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Instruments & More

Instruments & More

There is only one hard and fast rule when it comes to changing your violin strings: do not remove all the strings at the same time. The tension between the strings, wound between the tuning pegs and the tailpiece, is required for the violin to hold itself together. Removing all of the strings at once can cause the bridge and or the sound post to collapse.

 

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Ask most people what they consider a romantic song, and you'll get answers like John Legend's "All of Me" or most anything from Marvin Gaye. But, as you know, the capital "R" in Romantic music is works composed in the Romantic style, which arose during the Romantic Period. But what characterizes Romantic Period music? How did it evolve? These are some of the questions we'll answer here.

 

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As a violinist, you’re guaranteed to experience a time when your instrument’s strings snap or break. We’ve posted, What To Do If a String Snaps While Performing to help you prepare for the event.

 

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When musicians talk about which strings are the best for their violin, they often talk about how various string materials affect sound quality. This is certainly something to consider, but arguably, beginning and newly-intermediate violinists should place a greater emphasis on string gauge and tension than anything else as they explore the world of violin strings.

 

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If you’re doing your job as a meticulous string musician, you replace your violin strings roughly once every 300 playing hours, or once every three to six months, whichever comes first. During this process, you’ve probably noticed your strings have differently colored wrappings at the peg and tailpiece ends – and there’s a reason for this.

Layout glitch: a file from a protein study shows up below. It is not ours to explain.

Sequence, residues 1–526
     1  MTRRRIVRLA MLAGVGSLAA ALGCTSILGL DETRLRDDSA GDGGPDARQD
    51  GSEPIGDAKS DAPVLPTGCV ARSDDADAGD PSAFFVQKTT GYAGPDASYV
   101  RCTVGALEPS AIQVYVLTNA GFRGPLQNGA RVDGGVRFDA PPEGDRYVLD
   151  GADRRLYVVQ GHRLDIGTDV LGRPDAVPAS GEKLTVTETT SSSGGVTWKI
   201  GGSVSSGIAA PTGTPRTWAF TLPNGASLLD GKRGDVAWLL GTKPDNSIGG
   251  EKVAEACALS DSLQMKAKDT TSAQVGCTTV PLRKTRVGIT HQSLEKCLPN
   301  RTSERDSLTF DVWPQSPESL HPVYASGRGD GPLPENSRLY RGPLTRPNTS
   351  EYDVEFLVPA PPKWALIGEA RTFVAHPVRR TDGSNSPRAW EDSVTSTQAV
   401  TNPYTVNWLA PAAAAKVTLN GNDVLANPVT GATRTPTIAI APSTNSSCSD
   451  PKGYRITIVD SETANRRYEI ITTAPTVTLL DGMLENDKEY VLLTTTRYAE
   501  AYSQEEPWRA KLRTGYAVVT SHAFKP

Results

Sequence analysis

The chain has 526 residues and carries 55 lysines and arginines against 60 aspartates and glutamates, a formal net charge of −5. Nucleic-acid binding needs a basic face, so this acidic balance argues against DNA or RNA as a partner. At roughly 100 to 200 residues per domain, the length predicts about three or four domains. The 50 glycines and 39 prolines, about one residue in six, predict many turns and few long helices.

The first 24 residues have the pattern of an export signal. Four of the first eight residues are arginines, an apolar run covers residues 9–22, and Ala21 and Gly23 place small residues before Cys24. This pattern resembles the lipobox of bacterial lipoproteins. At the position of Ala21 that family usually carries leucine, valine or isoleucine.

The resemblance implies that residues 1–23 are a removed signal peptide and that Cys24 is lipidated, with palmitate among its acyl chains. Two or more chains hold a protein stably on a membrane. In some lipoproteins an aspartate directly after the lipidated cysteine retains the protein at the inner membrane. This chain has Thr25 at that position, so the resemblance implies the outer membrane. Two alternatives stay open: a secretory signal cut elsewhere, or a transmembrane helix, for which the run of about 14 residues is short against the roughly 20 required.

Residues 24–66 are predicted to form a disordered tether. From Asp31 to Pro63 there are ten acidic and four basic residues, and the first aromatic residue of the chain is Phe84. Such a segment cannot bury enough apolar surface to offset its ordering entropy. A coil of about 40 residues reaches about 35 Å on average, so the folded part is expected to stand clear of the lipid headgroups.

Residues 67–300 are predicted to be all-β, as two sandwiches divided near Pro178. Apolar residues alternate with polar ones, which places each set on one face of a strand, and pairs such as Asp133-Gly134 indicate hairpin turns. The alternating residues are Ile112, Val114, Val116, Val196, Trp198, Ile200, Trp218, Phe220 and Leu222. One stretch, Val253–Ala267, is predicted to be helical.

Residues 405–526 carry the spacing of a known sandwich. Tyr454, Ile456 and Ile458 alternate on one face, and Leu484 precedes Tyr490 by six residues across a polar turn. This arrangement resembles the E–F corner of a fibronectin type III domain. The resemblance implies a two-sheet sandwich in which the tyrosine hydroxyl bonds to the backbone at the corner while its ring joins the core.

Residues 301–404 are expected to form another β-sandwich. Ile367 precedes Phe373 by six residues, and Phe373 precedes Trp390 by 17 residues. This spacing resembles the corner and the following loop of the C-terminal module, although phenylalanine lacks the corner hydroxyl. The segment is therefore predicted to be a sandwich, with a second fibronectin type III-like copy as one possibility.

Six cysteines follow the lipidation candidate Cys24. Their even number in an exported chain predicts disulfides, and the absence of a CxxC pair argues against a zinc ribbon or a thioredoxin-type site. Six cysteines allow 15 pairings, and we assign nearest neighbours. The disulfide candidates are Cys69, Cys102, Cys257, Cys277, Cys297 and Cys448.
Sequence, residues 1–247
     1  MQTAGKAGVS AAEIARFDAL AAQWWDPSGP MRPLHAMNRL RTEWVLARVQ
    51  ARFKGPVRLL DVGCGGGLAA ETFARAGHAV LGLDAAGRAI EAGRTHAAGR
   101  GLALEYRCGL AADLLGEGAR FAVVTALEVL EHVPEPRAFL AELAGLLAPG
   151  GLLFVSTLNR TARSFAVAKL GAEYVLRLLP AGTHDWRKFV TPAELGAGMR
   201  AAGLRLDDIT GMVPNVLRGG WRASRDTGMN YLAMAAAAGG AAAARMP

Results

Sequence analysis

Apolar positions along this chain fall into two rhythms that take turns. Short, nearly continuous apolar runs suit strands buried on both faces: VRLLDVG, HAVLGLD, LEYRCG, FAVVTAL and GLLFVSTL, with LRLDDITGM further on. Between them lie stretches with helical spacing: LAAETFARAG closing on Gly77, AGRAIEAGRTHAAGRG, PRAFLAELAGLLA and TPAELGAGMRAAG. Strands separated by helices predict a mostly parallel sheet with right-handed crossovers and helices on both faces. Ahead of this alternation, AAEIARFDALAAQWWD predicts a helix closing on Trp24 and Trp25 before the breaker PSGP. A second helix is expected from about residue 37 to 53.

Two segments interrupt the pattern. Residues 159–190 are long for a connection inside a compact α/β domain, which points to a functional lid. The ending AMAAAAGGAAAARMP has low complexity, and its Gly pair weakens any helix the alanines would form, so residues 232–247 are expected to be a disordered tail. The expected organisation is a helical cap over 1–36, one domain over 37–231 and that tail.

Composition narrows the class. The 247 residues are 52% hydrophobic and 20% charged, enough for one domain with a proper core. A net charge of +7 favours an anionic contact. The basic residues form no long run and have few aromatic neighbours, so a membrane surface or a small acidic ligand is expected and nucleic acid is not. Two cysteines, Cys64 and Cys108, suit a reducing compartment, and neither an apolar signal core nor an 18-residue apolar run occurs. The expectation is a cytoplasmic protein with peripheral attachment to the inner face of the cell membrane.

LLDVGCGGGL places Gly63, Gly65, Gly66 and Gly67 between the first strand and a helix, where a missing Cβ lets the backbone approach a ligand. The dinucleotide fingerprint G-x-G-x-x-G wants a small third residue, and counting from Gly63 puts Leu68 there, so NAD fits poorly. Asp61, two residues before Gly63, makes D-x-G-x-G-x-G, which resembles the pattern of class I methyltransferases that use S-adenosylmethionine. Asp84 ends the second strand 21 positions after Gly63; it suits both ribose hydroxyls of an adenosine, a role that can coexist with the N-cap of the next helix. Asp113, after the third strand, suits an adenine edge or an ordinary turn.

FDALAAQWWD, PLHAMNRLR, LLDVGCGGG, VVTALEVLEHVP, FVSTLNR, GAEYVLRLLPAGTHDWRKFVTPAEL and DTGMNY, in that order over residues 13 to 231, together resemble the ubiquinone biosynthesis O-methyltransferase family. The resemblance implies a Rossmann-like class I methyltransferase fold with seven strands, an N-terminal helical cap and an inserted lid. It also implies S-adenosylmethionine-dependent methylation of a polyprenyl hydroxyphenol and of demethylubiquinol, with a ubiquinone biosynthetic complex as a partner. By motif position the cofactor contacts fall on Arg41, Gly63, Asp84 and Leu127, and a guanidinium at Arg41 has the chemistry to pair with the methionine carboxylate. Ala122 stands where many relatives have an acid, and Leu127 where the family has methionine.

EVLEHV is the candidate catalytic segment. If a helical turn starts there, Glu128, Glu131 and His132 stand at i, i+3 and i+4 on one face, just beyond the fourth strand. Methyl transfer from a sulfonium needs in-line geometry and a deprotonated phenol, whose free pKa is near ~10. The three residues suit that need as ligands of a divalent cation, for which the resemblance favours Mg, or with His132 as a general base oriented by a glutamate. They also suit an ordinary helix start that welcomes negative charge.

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Violinists spend ample time thinking about their strings: How do I tune them? How often should I replace them? How do I get the best sound from them? And, of course, which type of violin strings are the best for me? Answers to that last question – gut-, steel-, or synthetic core - may eventually lead you to wonder how these amazing strings are made.

 

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Aviolin’s sound depends on several factors, including the quality of the instrument, accurate tuning, proper playing technique, and the type of the strings you’re using (and their freshness).

 

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Join In-Sook Diamond and learn the different parts of the violin bow.

 

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Join In-Sook Diamond and learn the different parts of the violin bow.

 

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Winter is one of the toughest seasons on your instrument because of temperature and humidity fluctuations, which are vastly different between outdoors, your car, and indoors. And, outdoor events may expose them to direct moisture contact.

 

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News & Events

In What Order Should I Change My Violin Strings?

In What Order Should I Change My Violin Strings?